“A tenderer who is aggrieved by the decision of the accounting officer may refer the matter to the Appeals Authority for review and administrative decision”.
- In the light of the above, the tenderer can file an Appeal at PPAA in a prescribed Form No. 1. The documents which can accompany the Statement of Appeal are the documents which can help/support the Appeal. The Statement of Appeal has to be filed within Seven working days, if the Appeal is not filed within the Seven working days then one has to apply for the Extension of time that to within Seven working days. (Section 98 of the Act). PPAA will serve the copy of the Statement of Appeal to the Respondent. The Respondent may wish to reply, and the time for the hearing is fixed.
- The procedure of hearing at PPAA is slightly different from the normal Courts, the hearing is only for one day and the Ruling is delivered within less than 10 days. If an economic operator deems the decision of the Appeals Authority to be unsatisfactory, then the third stage may be subjected to a judicial review at the High Court. A decision of the High Court may also be appealed to the Court of Appeal.
4.0 Procedures and Timeline for Appealing for the Judicial Review at the High Court;
- Judicial review is an important weapon in the hands of the judges of this country by which an ordinary citizen can challenge an oppressive administrative action. And judicial review by means of prerogative orders (certiorari, prohibition and mandamus) is one of those effective ways employed to challenge administrative action.
- Judicial Review is provided under Section 101 of the Act which states;
“A tenderer or procuring entity aggrieved by the decision of the Appeals Authority may, within fourteen days of the date of delivery of such decision, apply to the High Court for judicial review”.
- Judicial Review has to be filed within 14 days from the date the tenderer received the ruling. Timeline is of utmost important when filing any matter at PPAA. Apart from the Section mentioned above Section 17 of the Law Reform (Fatal Accidents and Miscellaneous Provisions) Act and Section 2 of the Judicature and Application of Laws Act [CAP 538, R.E. 2002] provides that High Court of Tanzania has jurisdiction to determine the cases of prerogative orders.
- It is important to note that It is a mandatory requirement to seek leave of the court before applying for Prerogative Orders. This is evident under Rule 5 (1) of the Law Reform (Fatal Accidents and Miscellaneous Provision) (Judicial Review Procedure and Fees) Rules, 2014. An application for leave is required to be heard and determined within 14 days as per Rule 5 (4) of the Rules. Section 19 (3) of the Law Reform (Fatal Accidents and Miscellaneous Provisions) Act, Cap. 310 of the Revised Edition, 2002 and Rule 6 of the Law Reform (Fatal Accidents and Miscellaneous Provisions) (Judicial Review Procedure and Fees) Rules, 2014 – GN No. 324 of 2014, state that the application for leave to file application for judicial review must be filed within six months after the proceedings, act or omission intended to be impugned was given.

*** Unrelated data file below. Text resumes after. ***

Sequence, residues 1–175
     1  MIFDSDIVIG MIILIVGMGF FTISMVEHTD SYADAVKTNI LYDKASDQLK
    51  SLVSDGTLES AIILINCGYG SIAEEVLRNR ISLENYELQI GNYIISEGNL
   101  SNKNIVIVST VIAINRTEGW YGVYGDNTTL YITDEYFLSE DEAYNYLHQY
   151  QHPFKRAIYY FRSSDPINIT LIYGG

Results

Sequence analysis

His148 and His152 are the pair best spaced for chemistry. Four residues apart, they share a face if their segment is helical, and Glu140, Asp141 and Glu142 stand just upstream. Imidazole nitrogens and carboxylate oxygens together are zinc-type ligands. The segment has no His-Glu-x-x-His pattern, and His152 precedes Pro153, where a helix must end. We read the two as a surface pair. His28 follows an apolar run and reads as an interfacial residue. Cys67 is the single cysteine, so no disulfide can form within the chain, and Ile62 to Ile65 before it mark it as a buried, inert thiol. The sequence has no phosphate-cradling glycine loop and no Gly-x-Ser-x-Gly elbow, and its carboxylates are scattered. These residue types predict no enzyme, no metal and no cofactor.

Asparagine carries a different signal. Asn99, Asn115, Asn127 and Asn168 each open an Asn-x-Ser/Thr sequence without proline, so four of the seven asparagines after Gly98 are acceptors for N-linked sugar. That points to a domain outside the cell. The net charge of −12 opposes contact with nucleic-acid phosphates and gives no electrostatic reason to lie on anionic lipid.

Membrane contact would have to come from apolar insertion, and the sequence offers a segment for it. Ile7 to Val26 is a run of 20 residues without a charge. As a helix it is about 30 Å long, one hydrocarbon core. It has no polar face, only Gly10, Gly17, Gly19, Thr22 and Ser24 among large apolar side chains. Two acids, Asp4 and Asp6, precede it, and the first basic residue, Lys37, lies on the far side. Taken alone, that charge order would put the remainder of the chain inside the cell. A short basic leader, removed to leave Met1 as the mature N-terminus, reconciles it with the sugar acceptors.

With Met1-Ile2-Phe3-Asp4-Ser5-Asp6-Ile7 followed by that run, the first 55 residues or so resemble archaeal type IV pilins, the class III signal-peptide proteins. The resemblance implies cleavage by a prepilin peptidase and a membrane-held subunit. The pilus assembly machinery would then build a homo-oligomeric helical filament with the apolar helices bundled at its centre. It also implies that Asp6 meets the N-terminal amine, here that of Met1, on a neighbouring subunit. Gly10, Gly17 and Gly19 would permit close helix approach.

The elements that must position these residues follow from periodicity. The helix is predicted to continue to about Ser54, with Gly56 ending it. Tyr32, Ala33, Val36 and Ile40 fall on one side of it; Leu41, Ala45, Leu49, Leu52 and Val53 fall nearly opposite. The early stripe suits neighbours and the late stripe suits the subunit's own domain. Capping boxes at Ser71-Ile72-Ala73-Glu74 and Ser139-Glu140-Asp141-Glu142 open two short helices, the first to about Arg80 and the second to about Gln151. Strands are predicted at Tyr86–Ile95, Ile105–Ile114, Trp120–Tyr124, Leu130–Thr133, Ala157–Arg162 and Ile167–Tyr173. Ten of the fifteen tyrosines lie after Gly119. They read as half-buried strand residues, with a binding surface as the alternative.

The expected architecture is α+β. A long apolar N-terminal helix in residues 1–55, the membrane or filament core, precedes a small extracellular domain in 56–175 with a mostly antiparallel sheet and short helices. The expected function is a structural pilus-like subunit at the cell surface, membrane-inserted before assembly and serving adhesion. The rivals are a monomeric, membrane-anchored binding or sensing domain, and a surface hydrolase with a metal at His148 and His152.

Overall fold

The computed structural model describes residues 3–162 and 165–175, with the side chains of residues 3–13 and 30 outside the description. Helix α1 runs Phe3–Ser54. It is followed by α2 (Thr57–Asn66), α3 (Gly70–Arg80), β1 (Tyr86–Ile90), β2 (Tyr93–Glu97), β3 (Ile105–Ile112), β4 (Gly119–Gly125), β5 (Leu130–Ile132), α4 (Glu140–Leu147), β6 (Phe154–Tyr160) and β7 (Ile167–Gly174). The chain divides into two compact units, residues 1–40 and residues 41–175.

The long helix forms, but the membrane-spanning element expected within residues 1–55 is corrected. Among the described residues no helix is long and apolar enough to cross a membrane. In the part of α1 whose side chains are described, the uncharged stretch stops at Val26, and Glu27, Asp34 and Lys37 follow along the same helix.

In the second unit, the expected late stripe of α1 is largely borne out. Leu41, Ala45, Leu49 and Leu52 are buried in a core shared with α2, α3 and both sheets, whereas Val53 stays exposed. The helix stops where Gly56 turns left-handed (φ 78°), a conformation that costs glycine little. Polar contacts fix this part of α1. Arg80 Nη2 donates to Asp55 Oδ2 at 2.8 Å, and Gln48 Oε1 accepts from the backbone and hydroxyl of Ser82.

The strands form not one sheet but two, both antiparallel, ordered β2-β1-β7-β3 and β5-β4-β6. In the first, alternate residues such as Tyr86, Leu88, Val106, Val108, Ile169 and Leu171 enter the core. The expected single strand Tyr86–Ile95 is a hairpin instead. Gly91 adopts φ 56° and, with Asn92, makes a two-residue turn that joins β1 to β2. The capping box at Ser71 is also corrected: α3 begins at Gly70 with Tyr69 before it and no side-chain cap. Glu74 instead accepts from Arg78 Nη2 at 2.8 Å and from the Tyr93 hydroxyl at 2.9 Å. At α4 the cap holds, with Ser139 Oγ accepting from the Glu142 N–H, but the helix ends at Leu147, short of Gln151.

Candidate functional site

- However, when the appeal is brought from PPAA then we must adhere to the rules which are provided under the PPAA act and Regulations therefore, the scenario of six months shall not be applicable if the Appeal is from PPAA. The application for the leave to file Judicial Review is made under Chamber Summons, supported by Affidavit and Statement. Rule 5 (2).
- Upon being granted leave to apply for prerogative orders, the next step will be to actually apply for Prerogative Orders which must be done within 14 days after leave has been granted as provided for under Rule 8 (1) of the Law Reform (Fatal Accidents and Miscellaneous Provision) (Judicial Review Procedure and Fees) Rules, 2014. The Application will be made under Chamber summons and Supported by the Affidavit (Rule 8 (a) of the Rules).
In the nutshell, any tenderer who is aggrieved by the decision of the tender board they have the rights to ask for the reasons/explanations for the rejection and if they are not satisfied with the decision of the tender board, they can file a complaint/Administrative Review. Tenderers have an option that if they are not satisfied with the decision of the Accounting officer then they can file an Appeal at PPAA, however it is important to note that the time lines and the procedures are followed because the panel are very keen at looking at the technicalities therefore the tenderer should make sure that all the documents are in place so as to be knock out on the ground of technicalities. Furthermore, there is always a room for filing for judicial review at the High Court as explained above.
This publication has been prepared for information purposes only, and it does not constitute professional advice. You should not act upon the information contained in this publication without obtaining specific professional advice. No representation or warranty (express or implied) is given as to the accuracy or completeness of the information contained in this publication, and, to the extent permitted by law, Breakthrough Attorneys, its members, employees and agents do not accept or assume any liability, responsibility or duty of care for any consequences of you or anyone else acting, or refraining to act, in reliance on the information contained in this publication or for any decision based on it.